The nuances of a well-manicured lawn

For many, the American dream calls to mind an image of 1.5 kids and a golden retriever playing catch within the confines of a white picket fence, the fresh-cut grass beneath them hardly longer than a child’s index finger. Of the elements of this image, it is the well-manicured lawn that irks me to no end.

Although the ubiquity of grass in the United States is something we take for granted, I aver that these quotidian green blades beneath our feet and around our homes demand more attention mostly negative attention. 

The most concerning thing about grass is by far its negative impact on the environment. Maintaining a lush, verdant lawn requires that you regularly water your grass. A quick Google search will recommend that you use an inch of water for every square foot of your lawn once a week. Although an inch sounds like a trivial amount, multiplying that inch by every square foot of every lawn in the country turns that inch into a massive source of water waste — all for a plant that serves little to no purpose. 

The environmental impact of the prevalence of grass lawns is not limited to water usage. Another problem with filling our lawns with grass and grass alone is just that: grass is just one single type of plant. As humans have developed the Earth, biodiversity has decreased. This decrease has haunting implications for the well-being of numerous ecosystems, as we are deeply dependent upon the natural balance of different species for our food production, air quality and water quality. 

Replacing native plant species with grass lawns may look tidier, but it directly harms the pre-existing ecosystem, creating a domino effect that will undoubtedly come back to bite us on the (gr)ass. If not for our own selfishness, we must stop replacing native plant species with grass for the sake of the bees, the butterflies and other pollinators, for we have these humble beings to thank for the sweetness of our fruits, the vibrance and color of the flowers we give to our loved ones and, whether we care to see it or not, for our survival. 

Also worth noting are the fertilizers and pesticides used to maintain lawns — when chemicals are applied to the grass, they do not remain strictly on the grass, but instead seep into the soil and pollute both ground and surface water. This affects the water quality of our lakes, streams and oceans and can cause a number of issues such as algal blooms and the poisoning of aquatic species.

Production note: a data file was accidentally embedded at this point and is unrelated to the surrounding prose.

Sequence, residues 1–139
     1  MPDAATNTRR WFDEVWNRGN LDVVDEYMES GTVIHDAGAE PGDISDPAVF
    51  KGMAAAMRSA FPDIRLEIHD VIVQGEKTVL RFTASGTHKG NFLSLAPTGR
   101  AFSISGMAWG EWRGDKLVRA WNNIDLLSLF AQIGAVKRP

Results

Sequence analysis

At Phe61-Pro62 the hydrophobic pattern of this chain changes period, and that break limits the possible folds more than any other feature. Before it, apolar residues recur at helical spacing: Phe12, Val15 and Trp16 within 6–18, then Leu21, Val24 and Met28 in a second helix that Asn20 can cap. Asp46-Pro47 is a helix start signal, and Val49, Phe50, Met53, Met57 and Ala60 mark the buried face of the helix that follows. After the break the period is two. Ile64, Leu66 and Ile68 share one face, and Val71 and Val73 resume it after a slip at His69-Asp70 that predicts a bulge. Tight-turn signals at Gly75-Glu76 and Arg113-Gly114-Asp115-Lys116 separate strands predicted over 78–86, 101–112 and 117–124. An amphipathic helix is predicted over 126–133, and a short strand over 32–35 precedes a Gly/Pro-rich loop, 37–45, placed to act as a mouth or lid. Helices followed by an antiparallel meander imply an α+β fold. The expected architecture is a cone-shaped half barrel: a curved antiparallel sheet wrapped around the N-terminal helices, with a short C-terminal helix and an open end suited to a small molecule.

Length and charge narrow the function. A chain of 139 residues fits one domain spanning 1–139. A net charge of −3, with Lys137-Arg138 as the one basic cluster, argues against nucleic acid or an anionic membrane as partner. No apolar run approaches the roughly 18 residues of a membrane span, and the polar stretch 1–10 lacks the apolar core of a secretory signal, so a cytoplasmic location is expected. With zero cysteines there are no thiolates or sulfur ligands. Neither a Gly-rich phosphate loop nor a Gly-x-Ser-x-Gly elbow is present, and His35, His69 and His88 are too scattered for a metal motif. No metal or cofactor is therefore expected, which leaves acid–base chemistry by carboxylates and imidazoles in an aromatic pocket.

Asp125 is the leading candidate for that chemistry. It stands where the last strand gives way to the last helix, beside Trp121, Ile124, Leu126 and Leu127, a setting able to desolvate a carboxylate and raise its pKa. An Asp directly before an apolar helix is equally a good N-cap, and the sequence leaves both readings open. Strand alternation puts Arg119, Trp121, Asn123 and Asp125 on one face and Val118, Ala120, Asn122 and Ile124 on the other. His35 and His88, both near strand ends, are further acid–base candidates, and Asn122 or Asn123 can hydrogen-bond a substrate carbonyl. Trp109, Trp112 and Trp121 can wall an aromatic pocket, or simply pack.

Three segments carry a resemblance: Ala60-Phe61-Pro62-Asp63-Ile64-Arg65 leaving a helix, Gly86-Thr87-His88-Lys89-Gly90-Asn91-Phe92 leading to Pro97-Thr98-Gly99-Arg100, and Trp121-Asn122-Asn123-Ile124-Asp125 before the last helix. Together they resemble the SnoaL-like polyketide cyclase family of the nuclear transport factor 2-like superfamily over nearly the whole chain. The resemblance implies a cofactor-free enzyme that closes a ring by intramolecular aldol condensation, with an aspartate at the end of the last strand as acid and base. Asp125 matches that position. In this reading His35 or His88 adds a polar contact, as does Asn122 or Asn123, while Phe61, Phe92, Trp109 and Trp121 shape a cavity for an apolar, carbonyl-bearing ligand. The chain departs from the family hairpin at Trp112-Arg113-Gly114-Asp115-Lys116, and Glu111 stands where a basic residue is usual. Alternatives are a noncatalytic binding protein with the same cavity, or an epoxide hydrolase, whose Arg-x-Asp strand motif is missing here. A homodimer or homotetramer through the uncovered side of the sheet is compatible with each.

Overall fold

What makes the careless contamination and waste of water for residential lawn care in the United States particularly appalling is that water is in desperate demand for many Americans. The Western United States regularly experiences droughts, leading to ballooning water bills and the imposition of restrictions on water usage, violations punishable by hefty fines. 

When water consumption is regulated by increasing its cost and the threat of fines for going over a set amount, only those who have to worry about money are truly being restricted. I would probably cry if I was harshly fined for accidentally using more water than I am allowed, whereas the wealthy have the privilege to ignore how much they pay for water at all. 

Considering these costs — both financial and environmental — associated with the maintenance, I am no longer charmed or impressed by a bright green lawn. Rather, the image of the ideal American front yard I have described has become a symbol of ostentatious bourgeois wastefulness. I lament the social expectation to keep one’s lawn tidy, uniform and identical to every other buzzcut patch of grass all around the block. 

Moreover, the expectation is not strictly social; it is a requirement of many homeowners associations. HOAs impose strict regulations on your landscaping, which may include how often you cut and water your lawn, what you can plant on your property, how often you use pesticides and more. Although having standards or expectations for a community’s appearance sounds mostly harmless, that is kind of part of the problem: it is all for appearance. 

Beyond the classism I have already discussed, HOAs also perpetuate a very specific ideal of conformity, something which, in the United States, has always been closely tied to patriarchal white supremacy. As American cities industrialized and expanded, urban areas saw massive white flight, the movement of white people to suburban areas specifically to “escape” the higher concentration of people of color in the cities. Suburban life is thus founded on inequality and white social hegemony. 

Although the racial composition of suburban neighborhoods has come to include more people of color over time, I would argue that dismantling white supremacy involves dismantling the imagery which underpins and covertly perpetuates it,  regardless of if there is in fact a clear or direct connection between having a grass lawn and being racist.

For the sake of our planet, we must pursue an alternative to the standard of grass lawns. To address the issue of water usage, we must explore xeriscaping, which is a style of landscaping that makes use of drought-resistant native flora to save water, in dryer climates. In areas like ours, we should be filling our lawns with plants that naturally sprawl across the ground but do not require vertical maintenance, like mint or clover.

As a frequently barefoot person, I dream of having a lawn of moss, nature’s velvet rug. As an environmentalist and member of humanity, I dream of a society in which we do not unwittingly fill our land with the same bland plant at the direct expense of the well-being of the planet, but instead plant the seeds of a future in which we are all conscious of our responsibility to caring for the Earth.